Analysis of the operation and composition of the selector switch block on the press in question is a prerequisite to determination of the merits of this case. The operation of the selector switch is controlled by a knob on the front of the block, which may be turned right or left (either clockwise or counterclockwise) from one to another of three different positions. The knob actuates a cam which in turn causes a simple metal crossbar to move either right or left, depending on which way it is turned. The cam is basically a circular piece of plastic with inclined planes across its surface. These inclined planes allow the crossbar to move to different positions of rest on the cam. Each position on the cam represents a different operation of the press. There is a name plate, or dial, attached to the outside of the selector switch which has three words on it signifying the three different operations: "once," "inch" and "continuous." When functioning properly, with the selector switch at the "once" position, the ram would move in a single down-and-up stroke and stop; at the center "inch" position the ram would move only so long as the operator would hold down both of two control buttons, and would stop on release of either; at the "continuous" position the ram would move down and up continuously.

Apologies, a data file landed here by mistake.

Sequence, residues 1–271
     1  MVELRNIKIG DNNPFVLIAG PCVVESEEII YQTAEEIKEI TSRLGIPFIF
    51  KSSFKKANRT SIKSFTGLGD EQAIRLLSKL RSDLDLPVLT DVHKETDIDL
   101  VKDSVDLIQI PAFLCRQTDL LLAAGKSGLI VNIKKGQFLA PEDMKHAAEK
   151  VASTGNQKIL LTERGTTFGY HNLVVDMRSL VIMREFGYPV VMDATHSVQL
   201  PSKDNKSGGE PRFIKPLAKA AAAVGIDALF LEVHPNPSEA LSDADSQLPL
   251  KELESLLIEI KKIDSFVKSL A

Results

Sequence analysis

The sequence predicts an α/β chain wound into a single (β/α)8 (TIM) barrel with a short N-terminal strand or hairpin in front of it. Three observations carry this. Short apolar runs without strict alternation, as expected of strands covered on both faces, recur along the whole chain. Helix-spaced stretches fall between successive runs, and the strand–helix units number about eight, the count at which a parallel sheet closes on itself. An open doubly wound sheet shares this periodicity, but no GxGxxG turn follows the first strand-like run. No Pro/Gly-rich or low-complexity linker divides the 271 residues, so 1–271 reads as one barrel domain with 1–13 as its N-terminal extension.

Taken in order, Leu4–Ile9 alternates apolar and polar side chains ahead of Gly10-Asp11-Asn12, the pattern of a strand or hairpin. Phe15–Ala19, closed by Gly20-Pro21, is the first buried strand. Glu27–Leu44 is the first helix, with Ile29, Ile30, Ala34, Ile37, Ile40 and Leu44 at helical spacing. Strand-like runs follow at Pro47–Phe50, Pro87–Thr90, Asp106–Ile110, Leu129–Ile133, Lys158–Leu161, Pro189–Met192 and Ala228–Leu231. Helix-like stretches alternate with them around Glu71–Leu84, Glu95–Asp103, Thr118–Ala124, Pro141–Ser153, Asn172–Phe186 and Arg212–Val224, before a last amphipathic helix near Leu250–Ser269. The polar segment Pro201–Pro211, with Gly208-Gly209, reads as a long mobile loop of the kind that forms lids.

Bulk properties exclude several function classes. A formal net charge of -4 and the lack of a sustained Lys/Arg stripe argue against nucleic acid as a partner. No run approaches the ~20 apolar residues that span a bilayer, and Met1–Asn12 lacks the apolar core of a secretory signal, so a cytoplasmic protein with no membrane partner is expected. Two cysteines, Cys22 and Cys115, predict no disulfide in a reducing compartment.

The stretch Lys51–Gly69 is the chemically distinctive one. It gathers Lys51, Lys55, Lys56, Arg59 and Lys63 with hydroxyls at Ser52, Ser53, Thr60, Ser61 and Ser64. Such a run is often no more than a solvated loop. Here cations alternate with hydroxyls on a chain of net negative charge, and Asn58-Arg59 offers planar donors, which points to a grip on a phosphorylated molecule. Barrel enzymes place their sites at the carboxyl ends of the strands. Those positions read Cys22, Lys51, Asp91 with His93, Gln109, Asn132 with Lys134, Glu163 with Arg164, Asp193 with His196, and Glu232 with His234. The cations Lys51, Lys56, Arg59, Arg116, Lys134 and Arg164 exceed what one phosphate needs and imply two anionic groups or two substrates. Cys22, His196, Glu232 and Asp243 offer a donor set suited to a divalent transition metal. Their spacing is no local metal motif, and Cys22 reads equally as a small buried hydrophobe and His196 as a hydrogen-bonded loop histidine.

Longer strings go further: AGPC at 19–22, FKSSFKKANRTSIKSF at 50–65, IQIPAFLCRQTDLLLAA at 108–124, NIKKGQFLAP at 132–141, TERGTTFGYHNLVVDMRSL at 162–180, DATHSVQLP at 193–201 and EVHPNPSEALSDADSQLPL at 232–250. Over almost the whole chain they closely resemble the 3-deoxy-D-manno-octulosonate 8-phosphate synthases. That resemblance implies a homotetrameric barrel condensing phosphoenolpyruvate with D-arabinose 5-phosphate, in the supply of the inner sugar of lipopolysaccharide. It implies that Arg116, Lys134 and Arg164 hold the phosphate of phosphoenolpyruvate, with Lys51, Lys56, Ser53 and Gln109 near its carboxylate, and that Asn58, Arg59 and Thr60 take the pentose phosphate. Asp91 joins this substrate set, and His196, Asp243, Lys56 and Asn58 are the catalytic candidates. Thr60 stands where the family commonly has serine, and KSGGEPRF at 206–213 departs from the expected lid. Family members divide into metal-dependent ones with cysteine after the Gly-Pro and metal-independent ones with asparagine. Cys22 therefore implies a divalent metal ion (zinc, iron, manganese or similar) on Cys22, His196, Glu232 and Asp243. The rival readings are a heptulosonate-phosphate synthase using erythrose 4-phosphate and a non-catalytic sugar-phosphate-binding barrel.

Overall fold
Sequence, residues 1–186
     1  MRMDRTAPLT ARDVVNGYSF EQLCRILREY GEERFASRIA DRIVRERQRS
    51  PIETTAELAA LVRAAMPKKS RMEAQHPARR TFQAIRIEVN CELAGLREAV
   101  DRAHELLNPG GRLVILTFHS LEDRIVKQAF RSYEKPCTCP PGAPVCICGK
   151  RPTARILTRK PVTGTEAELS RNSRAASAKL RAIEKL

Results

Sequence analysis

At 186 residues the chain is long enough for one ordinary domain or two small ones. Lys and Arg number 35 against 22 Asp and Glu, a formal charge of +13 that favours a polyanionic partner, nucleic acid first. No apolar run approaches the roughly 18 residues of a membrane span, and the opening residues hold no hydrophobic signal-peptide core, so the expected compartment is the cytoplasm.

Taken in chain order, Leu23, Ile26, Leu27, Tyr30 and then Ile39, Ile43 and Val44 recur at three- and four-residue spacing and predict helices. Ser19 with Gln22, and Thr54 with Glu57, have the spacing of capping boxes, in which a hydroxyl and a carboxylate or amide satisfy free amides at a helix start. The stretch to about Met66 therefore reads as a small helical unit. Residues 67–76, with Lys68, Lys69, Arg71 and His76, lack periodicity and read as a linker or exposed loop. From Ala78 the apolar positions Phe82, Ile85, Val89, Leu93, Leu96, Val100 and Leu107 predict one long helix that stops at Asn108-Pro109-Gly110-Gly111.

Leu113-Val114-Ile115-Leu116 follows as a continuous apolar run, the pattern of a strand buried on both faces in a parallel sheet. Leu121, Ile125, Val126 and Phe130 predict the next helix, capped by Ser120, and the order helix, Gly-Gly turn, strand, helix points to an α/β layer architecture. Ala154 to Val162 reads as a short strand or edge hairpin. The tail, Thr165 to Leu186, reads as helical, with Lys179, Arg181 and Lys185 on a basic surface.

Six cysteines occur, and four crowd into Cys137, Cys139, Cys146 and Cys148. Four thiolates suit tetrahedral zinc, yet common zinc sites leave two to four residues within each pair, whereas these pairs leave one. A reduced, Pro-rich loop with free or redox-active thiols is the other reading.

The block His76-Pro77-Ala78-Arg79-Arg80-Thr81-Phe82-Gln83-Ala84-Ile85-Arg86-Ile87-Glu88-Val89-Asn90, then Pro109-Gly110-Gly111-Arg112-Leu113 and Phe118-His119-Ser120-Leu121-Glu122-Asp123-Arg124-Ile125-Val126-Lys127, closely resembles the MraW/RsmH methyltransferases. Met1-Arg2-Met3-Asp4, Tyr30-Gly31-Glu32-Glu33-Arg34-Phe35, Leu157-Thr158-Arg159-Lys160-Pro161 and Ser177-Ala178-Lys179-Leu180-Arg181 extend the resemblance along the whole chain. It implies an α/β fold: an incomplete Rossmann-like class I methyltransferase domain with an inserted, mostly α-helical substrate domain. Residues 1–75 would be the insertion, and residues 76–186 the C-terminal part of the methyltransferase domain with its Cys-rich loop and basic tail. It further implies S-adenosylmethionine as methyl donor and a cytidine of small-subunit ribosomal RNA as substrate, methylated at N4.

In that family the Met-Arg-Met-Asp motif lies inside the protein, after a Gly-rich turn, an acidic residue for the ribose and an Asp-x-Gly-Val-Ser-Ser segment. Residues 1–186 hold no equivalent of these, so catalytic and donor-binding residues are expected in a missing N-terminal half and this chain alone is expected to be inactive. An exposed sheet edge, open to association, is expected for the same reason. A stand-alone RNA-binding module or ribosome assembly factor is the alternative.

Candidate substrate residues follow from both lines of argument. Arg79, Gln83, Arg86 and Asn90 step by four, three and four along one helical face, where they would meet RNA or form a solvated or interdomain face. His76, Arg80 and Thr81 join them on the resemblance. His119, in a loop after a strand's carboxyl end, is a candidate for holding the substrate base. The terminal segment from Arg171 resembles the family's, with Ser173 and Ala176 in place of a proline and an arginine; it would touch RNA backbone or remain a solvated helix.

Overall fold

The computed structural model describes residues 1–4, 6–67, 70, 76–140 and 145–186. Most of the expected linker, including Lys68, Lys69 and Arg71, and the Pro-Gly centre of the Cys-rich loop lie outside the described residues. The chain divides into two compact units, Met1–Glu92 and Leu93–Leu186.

Over objection by defendant, a photocopy of a wiring diagram or blueprint, the original of which was delivered by defendant with the machine, and subsequently destroyed, was admitted in evidence as a plaintiff's exhibit. The wiring of the switch determines the operation of the machine, and if the switch were properly wired in accordance with the diagram, the dial of the switch would correctly register the operation in which the press was engaged. (For present purposes it is assumed that the switch was not wired for the inch operation at all.) When the selector switch, the diagram, and the experts' testimony are analyzed it appears that tabs 1 and 24 were to be wired to the front terminals, while tabs 1 and 25 were to be wired to the rear terminals. Under this wiring arrangement, when the electrical connection was made to the rear terminals, a continuous operation would result. At such a time the crossbar would be at the highest position on the cam. If, for any reason, the crossbar were to slip from this position, a spring load device would cause the crossbar to fall to the lowest position on the cam, a once operation would result, and the machine would stop. This was a safety feature of the control, because under such an arrangement any slipping from position by the crossbar would have been to the once position. Obviously, an operator standing clear of the machine for an expected continuous operation would not be injured by an unexpected stopping of the ram. If the wiring were correctly done in accordance with the diagram, the once operation would have occurred when the crossbar was in the lowest position on the cam and any slipping of the bar while in that position would therefore have had no effect on the operation of the machine; by slipping from the once position the crossbar could not have engaged the continuous operation, because to do so would require it to move upward to the highest position on the cam, which it could not do against the force of gravity and against the opposite pressure of the spring.